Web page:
In the first paragraph of Ishmael, the narrator sees a newspaper ad asking for a student, immediately establishing the novel’s focus on education and the teacher-student relationship. And yet what also quickly becomes clear is that the novel is not just focusing on the importance of education, but rather critiquing how education is practiced in the modern world. After all, Ishmael is not a typical teacher. For one thing, he’s a super-intelligent ape. For another, he explicitly disagrees with the very notion of teaching—at least as we usually think of it.
Ishmael argues that society, which he calls the society of Takers (those who take the world’s resources and claim ownership over the planet) has become what it is in part because it too completely relies on prophets and sages: people who claim to have “master knowledge” of how to live, and spend their lives passing on this knowledge to their disciples. In contrast, Ishmael never passes on information to the narrator without also asking the narrator to weigh it carefully. Indeed, Ishmael rarely “passes on” information at all: instead he uses the “Socratic method” to conduct an open-ended conversation with the narrator. Under the terms of this conversation, the narrator is free to make up his own mind about Ishmael’s ideas.
In another sense, Ishmael’s teaching differs from that of a prophet’s insofar as he encourages the narrator to rely on his—the narrator’s—own wisdom, instinct, and knowledge. At many points in Ishmael, Ishmael asks the narrator a complicated question and the narrator realizes with amazement that he knows the answer already, but had been so trained to ignore his instincts that he at first assumes that he doesn’t know the answer. Ishmael’s goal, then, isn’t to pass on new wisdom to his disciples, but instead to remind his students of basic, common-sense knowledge of the way the world works—knowledge that, as he puts it, even a child knows.
Ishmael’s goal, then, isn’t to educate the narrator at all. Rather, he’s trying to get the narrator to “unlearn” the myths and stories with which his society has filled his head. At the end of the novel, it seems that the narrator has finally rejected Taker dogma, and is ready to live as a Leaver. Significantly, Ishmael isn’t present to guide the narrator in this quest: the narrator is on his own, free to pursue any course of action he pleases. In the end, Ishmael suggests, the best teachers aim to “push” their students to the point where the students don’t need – or can’t have – a teacher at all, and are ready to face the world for themselves. Echoing that philosophy, it is left up to us to decide whether the narrator—or we, the readers—have reached this point by the end of the novel.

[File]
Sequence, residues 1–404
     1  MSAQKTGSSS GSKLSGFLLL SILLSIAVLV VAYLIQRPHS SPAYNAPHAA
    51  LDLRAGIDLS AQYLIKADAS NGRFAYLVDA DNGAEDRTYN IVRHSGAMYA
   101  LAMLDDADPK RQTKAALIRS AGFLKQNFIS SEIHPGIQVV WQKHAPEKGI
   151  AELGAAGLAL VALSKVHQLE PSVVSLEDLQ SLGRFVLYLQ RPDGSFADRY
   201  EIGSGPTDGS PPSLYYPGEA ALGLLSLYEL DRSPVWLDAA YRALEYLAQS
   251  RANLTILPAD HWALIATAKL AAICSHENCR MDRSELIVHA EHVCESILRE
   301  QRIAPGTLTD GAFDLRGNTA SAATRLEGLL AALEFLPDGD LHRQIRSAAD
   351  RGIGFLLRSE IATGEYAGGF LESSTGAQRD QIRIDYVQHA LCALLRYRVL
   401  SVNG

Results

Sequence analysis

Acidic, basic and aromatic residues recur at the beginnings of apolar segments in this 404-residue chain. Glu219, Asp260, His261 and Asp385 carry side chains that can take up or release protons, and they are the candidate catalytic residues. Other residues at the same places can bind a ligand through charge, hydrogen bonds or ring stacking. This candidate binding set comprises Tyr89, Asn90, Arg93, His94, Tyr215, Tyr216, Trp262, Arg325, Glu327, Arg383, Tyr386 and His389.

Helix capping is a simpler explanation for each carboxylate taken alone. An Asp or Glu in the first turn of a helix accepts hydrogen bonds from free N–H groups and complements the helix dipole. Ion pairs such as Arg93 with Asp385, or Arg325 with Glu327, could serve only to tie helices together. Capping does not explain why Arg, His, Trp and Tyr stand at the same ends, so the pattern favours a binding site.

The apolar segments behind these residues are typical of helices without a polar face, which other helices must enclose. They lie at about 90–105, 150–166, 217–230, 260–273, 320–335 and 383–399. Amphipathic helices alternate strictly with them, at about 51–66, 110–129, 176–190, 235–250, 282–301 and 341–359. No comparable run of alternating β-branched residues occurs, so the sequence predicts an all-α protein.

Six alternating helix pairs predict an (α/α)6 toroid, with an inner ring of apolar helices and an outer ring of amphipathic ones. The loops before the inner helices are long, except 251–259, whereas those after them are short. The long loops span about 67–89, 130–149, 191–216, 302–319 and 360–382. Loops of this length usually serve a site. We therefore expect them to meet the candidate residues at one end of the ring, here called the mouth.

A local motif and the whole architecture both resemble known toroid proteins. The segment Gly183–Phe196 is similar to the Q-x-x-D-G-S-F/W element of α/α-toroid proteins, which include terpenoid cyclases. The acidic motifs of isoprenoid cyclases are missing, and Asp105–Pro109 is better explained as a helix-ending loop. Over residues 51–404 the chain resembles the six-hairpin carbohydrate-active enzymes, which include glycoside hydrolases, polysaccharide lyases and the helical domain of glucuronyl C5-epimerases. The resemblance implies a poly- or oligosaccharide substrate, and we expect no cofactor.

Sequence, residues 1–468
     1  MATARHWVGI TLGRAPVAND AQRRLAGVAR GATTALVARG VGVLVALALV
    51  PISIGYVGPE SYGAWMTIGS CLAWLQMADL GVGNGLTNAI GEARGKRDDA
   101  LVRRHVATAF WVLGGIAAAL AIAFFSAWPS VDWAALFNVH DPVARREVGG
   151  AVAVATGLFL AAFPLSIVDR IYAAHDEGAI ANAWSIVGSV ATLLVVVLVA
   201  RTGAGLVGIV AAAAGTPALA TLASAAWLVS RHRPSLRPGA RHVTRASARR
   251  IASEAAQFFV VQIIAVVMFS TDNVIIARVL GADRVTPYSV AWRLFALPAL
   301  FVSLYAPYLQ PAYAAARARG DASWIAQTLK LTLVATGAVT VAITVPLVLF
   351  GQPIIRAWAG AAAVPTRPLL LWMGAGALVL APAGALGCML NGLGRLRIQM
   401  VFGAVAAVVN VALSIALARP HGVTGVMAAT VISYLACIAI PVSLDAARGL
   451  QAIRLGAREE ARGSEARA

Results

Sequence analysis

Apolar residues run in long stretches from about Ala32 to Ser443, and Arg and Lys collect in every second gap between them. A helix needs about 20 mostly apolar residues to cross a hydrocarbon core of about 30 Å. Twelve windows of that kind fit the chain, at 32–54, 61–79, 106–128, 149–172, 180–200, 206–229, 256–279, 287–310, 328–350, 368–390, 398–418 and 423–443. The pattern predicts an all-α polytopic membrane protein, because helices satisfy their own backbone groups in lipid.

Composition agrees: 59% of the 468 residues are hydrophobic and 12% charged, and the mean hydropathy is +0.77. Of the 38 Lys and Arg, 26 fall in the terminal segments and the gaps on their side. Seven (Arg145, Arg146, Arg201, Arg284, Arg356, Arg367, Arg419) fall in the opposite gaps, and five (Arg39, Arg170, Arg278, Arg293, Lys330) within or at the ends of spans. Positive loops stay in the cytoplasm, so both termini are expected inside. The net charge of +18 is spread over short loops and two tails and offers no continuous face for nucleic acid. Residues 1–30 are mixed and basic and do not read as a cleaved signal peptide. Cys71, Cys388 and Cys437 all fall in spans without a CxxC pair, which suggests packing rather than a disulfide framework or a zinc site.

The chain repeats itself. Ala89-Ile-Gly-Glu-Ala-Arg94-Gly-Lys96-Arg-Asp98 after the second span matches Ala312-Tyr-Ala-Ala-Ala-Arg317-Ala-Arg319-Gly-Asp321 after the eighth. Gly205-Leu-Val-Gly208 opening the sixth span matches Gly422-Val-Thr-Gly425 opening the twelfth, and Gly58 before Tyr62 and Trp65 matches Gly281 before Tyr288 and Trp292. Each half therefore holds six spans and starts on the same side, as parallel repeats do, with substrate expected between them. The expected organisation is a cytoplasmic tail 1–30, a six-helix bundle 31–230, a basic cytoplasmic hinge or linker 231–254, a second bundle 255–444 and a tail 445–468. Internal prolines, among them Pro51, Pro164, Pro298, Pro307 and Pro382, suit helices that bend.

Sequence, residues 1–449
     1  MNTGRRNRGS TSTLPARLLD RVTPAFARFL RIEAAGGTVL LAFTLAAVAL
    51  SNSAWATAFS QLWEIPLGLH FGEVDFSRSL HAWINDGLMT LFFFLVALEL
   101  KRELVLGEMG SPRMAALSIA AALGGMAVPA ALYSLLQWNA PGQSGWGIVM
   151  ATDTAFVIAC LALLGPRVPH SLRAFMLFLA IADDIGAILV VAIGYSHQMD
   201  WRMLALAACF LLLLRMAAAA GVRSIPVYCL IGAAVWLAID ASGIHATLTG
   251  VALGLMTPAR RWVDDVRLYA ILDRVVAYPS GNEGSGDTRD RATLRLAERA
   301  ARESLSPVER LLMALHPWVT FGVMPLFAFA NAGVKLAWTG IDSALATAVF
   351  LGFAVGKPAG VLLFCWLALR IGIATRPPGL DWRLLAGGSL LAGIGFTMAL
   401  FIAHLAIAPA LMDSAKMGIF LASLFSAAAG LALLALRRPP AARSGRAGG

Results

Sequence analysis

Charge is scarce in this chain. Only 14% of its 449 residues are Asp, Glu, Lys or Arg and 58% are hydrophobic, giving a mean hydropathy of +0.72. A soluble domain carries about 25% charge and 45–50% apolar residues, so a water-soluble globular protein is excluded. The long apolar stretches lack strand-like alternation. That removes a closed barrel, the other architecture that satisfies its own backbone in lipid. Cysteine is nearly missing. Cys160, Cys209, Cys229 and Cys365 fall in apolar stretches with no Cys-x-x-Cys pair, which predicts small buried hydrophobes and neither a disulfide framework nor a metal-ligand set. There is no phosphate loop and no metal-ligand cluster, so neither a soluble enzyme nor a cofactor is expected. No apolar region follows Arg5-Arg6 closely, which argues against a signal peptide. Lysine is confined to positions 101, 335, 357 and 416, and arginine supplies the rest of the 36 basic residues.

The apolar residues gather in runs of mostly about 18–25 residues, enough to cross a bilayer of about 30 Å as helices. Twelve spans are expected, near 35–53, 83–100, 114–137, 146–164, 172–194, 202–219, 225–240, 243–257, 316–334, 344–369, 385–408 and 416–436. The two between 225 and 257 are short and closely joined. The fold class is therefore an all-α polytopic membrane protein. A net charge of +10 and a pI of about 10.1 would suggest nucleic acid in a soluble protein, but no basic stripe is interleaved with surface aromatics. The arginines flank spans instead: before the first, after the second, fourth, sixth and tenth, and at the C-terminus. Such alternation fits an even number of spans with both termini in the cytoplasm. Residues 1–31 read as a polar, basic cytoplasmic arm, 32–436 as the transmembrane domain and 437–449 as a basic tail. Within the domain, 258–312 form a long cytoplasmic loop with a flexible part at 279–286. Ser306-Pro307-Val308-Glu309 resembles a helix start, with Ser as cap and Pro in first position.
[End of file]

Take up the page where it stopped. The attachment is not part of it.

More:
Education, Teaching, and Prophets ThemeTracker
Education, Teaching, and Prophets Quotes in Ishmael
TEACHER seeks pupil. Must have an earnest desire to save the world. Apply in person.
Then one day when I was in my mid-teens I woke up and realized that the new era was never going to begin. The revolt hadn’t been put down, it had just dwindled away into a fashion statement. Can I have been the only person in the world who was disillusioned by this?
WITH MAN GONE, WILL THERE BE HOPE FOR GORILLA?
“On the basis of my history, what subject would you say I was best qualified to teach?”
I blinked and told him I didn’t know.
“Of course you do. My subject is captivity.”
And when we’re finished, you’ll have an entirely new perception of the world and of all that’s happened here. And it won’t matter in the least whether you remember how that perception was assembled. The journey itself is going to change you, so you don’t have to worry about memorizing the route we took to accomplish that change.
One of the most striking features of Taker culture is its passionate and unwavering dependence on prophets. The influence of people like Moses, Gautama Buddha, Confucius, Jesus, and Muhammed in Taker history is simply enormous.
When I arrived the next day, I found that a new plan was in effect: Ishmael was no longer on the other side of the glass, he was on my side of it, sprawled on some cushions a few feet from my chair. I hadn’t realized how important that sheet of glass had become to our relationship: to be honest, I felt a flutter of alarm in my stomach.
“All the same, Bwana, what are we to do with this food if we don’t need it?”
“You save it! You save it to thwart the gods when they decide it’s your turn to go hungry. You save it so that when they send a drought, you can say, ‘Not me, goddamn it I’m not going hungry, and there’s nothing you can do about it, because my life is in my own hands now!’”
“All along, I’ve been saying to myself, ‘Yes, this is all very interesting, but what good is it? This isn’t going to change anything!”
“This is what we need. Not just stopping things, Not just less of things. People need something positive to work for. They need a vision of something that ... I don’t know. Something that…”
“I think what you’re groping for is that people need more than to be scolded, more than to be made to feel stupid and guilty. They need more than a vision of doom. They need a vision of the world and of themselves that inspires them.”